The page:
And I actually know less about one of the records we’ll list from the survey of December 19, 1969, at WSGN in Birmingham, Alabama. The No. 12 record in the station’s survey is “What a Beautiful Feeling” by the California Earthquake, and at No. 20, we find “Don’t Let Love Hang You Up” by Jerry Butler. I finally heard the Butler record (and loved it) this morning, but I’ve never heard the California Earthquake record, as I can’t find it anywhere. (I’m not sure the latter record is all that important, as it barely made it into the Billboard charts, bubbling under at No. 133 for one week; it was the band’s only appearance in or near the charts.) Observant readers will note that I skipped past the No. 2 record at WSGN. It was “Fancy,” Bobbie Gentry’s first-person tale of a young Southern girl who makes it big after being reluctantly pimped out by her desperate mother. The record went to No. 33 on the pop chart and to No. 26 on the country chart. (Reba McEntire’s 1991 cover did better on the country charts, going to No. 8, but Gentry’s original is the better record.)
It was later than usual when the Texas Gal got home from work a couple of days ago. She said she’d had the day from hell and just wanted to sit in her chair and work on a quilt. I was not in great shape myself: I’d spent some of that afternoon shoveling snow from the walk and the driveway and kind of wanted to just sit myself. And the early darkness of the autumn afternoon didn’t help.
So we abandoned the minimal plans we’d had for dinner and popped two frozen dinners into the oven. Hers was chicken-fried steak, and mine was a chopped beef steak topped by some kind of southwestern sauce. And the two dinners did what they were supposed to do: fed us well enough and saved us time and effort. That’s why we keep a few in the freezer.
And as we ate, I was reminded of a time when having a frozen dinner was a real treat. Most nights when I was a kid, we ate as a family, all four of us at the kitchen table. About once a month, Dad would attend a dinner meeting of an educational fraternity, and there would be just three at the table. And every once in a while, Mom and Dad would have a dinner engagement somewhere – usually something connected with St. Cloud State – and dinner would be my sister and me.
During the early years, of course, that meant a babysitter would stay with us for the evening and get us through the evening meal. But as we got a little older – starting maybe around 1964 when I turned eleven and my sister turned fourteen – we got to stay home by ourselves and cook ourselves frozen dinners.
Folks who lived through the 1950s and the early 1960s will remember that Swanson, the most prevalent brand of frozen dinner, marketed its meals as TV Dinners, a name dating to 1952 when television was relatively new and the thought of a family huddled around a small screen eating convenient frozen dinners was, well, revolutionary in its way. By 1962, the television revolution was over – TV won – and Swanson, says Wikipedia, dropped the “TV Dinner” label. (Although the name lives on still today in common usage in our home and, I’m sure, elsewhere.) And on those evenings when Mom and Dad would be gone and my sister and I were home alone for a brief time, those frozen dinners were different enough to seem almost exotic, and I always chose my menu for those evenings carefully.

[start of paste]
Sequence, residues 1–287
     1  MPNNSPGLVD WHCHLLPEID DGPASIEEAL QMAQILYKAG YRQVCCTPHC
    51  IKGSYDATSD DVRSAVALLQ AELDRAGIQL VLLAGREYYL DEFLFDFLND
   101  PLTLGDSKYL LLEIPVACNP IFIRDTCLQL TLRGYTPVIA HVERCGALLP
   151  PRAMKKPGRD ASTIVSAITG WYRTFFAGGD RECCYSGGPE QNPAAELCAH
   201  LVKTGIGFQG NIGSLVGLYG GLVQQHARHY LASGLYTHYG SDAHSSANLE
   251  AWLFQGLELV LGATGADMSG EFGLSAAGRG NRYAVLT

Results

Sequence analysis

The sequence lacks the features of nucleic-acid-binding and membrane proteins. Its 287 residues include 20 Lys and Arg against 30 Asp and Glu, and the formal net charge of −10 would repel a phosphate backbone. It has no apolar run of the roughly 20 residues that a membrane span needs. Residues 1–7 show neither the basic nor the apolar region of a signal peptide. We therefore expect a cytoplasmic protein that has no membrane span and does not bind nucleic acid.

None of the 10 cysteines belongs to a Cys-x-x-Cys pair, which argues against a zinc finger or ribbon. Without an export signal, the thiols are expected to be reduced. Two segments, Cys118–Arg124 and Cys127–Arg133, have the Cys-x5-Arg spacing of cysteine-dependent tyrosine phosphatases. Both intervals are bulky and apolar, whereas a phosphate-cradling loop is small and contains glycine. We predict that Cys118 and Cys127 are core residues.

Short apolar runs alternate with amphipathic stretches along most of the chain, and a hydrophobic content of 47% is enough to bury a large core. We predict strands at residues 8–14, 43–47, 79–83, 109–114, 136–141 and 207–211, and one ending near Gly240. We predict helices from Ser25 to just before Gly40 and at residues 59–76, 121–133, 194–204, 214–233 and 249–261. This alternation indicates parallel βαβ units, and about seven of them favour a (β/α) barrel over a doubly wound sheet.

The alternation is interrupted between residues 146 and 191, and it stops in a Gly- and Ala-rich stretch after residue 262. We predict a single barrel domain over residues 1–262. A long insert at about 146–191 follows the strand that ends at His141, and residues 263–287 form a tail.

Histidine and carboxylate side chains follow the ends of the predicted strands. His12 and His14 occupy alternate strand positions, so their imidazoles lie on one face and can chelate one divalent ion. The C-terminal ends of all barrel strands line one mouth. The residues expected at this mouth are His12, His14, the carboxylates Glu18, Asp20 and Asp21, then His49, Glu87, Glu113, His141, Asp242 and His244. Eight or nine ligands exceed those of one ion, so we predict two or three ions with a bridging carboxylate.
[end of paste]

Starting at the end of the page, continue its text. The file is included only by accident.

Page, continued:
I liked the haddock, either breaded or in cream sauce, and I think there was a fried shrimp dinner. (The fried chicken, which seemed popular from what I saw in the freezer down at Carl’s Market, never thrilled me much.) I liked the Salisbury steak. And later on, in what I think was the late 1960s, Swanson began experimenting and came up with a Mexican meal I liked. But my favorite frozen dinner wasn’t a Swanson meal. I don’t recall the brand – its logo had, I think, a red flag – but it was a seafood platter: It brought me shrimp, scallops, a small fish filet and a crab cake, flanked by what were essentially hash brown patties or maybe tater tots.
Now, I’d certainly had shrimp and scallops in restaurants by the time I was, say, twelve, and I knew that the seafood in that frozen seafood platter didn’t compare to fresh seafood. But if I were going to be eating a frozen dinner at home, that platter was about as good as a Sixties kid could do.
As I think about these things, it seems to me that frozen dinner nights with my folks out somewhere were more prevalent during the late fall and early winter than at any other time of the year. That makes sense: That’s the season of holiday gatherings for the church, civic and educational organizations to which my parents belonged. So earlier this week, the darkness of an early evening in late autumn and a frozen dinner on a TV tray pushed me back to those dinners forty-some years ago. And that was a convenient hook on which to hang a look at a record chart.